Thousands of dogs each year experience a devastating problem called intervertebral disc disease (IVDD). Chondrodystrophic dogs, such as the Dachshund and the Bassett hound, are more likely to develop IVDD than other dog breeds because of their short legs and long backs. Nevertheless, this disease can manifest in animals of any breed, including feline species.
What is intervertebral disc disease in dogs?
The spinal condition referred to as intervertebral disc disease is much more typical in dogs but can additionally impact felines. Spinal surgery from a skilled vet at animal hospitals like Raintree Veterinary Center is the typical treatment for canine cases of intervertebral disc disease. A dog’s cartilage center of each intervertebral disc is surrounded by a fibrous ring, giving shock absorption to the spinal column.
You can discover one of these discs between every vertebra in your spine except your first and second. If your dog’s discs are in good shape, it can do high-impact tasks like running and jumping without experiencing any pain.
What causes intervertebral disc disease in dogs?
Because of intervertebral disc disease, your pet’s spine might gradually wear away. Dogs over ten are commonly the ones most impacted by the problem. Any dog breed is at risk for this disease, but some are more at risk than others. To name a few: Basset Hounds, Dachshunds, Pekingese, Shih Tzus, and Beagles.
The intervertebral discs become too complicated and no longer give sufficient cushioning between the vertebrae, which is the most widespread reason for IVDD. The toughening may arise from exposure to long periods of sluggishness or sudden external stimulation. Although there is currently no way to prevent the spread of this health problem, you can help ensure your dog’s health by offering pet vaccinations.
The Prevalent Signs of Intervertebral Disc Disease
Knowing about intervertebral disc disease is necessary if you have a dog. Sadly, numerous dog owners do not learn their companion is in danger for or already experiencing IVDD until it’s too late. Degenerative myelopathy (DM), one more crippling back problem, should not be confused with IVDD. Common symptoms and signs of this ailment include the following.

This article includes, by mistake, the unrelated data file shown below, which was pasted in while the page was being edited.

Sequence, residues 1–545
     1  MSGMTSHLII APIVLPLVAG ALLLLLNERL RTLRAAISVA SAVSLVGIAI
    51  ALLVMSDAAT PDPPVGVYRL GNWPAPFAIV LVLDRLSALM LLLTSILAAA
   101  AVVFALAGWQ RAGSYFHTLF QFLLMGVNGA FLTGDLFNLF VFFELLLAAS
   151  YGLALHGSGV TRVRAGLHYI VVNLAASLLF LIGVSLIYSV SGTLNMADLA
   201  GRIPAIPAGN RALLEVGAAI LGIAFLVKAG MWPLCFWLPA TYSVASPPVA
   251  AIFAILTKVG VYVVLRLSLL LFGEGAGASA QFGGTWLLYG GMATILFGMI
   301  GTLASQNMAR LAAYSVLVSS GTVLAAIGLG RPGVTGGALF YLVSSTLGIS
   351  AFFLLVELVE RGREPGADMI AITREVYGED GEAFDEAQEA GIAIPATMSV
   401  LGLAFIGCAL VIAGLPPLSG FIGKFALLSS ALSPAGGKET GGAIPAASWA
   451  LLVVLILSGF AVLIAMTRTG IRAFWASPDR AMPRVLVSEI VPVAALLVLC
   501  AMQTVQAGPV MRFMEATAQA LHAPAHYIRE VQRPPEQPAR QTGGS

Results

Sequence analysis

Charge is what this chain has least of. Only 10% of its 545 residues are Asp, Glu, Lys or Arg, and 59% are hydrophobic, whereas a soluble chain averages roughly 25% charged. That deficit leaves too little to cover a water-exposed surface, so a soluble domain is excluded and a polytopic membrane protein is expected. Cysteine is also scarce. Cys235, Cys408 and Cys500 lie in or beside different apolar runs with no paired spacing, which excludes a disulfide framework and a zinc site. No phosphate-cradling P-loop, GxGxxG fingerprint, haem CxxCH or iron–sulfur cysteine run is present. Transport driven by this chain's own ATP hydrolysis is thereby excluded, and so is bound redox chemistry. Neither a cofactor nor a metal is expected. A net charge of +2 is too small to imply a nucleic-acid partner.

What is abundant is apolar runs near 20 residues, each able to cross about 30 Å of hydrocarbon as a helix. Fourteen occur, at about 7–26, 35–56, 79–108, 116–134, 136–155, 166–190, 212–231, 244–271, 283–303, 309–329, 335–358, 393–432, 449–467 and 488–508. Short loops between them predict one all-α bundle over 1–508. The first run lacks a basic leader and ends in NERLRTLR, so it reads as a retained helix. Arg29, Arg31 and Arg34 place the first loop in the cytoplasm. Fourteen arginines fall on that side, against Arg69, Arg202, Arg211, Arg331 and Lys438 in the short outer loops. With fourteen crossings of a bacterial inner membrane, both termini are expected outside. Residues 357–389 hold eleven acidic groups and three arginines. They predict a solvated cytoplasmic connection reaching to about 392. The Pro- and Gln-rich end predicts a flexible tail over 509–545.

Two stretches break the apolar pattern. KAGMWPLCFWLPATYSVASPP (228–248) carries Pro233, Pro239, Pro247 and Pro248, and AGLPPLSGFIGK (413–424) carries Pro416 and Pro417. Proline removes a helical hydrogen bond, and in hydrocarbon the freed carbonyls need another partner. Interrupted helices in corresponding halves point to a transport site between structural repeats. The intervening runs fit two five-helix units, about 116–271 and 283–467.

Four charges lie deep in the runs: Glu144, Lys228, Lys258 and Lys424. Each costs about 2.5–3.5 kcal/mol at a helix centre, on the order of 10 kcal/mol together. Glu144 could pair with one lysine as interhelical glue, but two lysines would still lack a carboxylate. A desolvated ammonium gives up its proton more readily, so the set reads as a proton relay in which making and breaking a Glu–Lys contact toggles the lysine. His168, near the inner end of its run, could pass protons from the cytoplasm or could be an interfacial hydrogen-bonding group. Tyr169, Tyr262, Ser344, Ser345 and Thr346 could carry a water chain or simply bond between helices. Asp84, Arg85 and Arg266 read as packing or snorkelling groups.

1. Sensitivity to Touching
When you touch your dog, it could react by yelping, crying out, and even becoming hostile toward you. They may even attempt to bite you. You might also observe that your dog is avoiding you to avoid having their fur picked on or patted by you.
2. Hunched Back
A hunch in the back is a widespread disc disease sign in a dog. This hunch can be rather obvious, with several vertebrae sticking out of place, or it can be a lot more subtle, with just a couple of vertebrae jutting out. Your dog might walk more slowly and hunch over, or its belly might show up tight.
3. Extremely Quiet and Retracted
If your dog is experiencing discomfort, it might spend extensive periods napping or reclining in an unusual place. It’s also possible that you’ll locate your dog sitting or hiding in a remote part of your house. If you see any one of these symptoms, it’s time to bring your dog to a veterinary diagnostic lab.
In the future, if you discover any of the signs and symptoms of intervertebral disc disease in your dog, you will be able to identify them quickly and get the treatment you need without having to take radical steps like surgery. Understanding this ailment is the first step toward safeguarding your dog’s health and stretching out its life.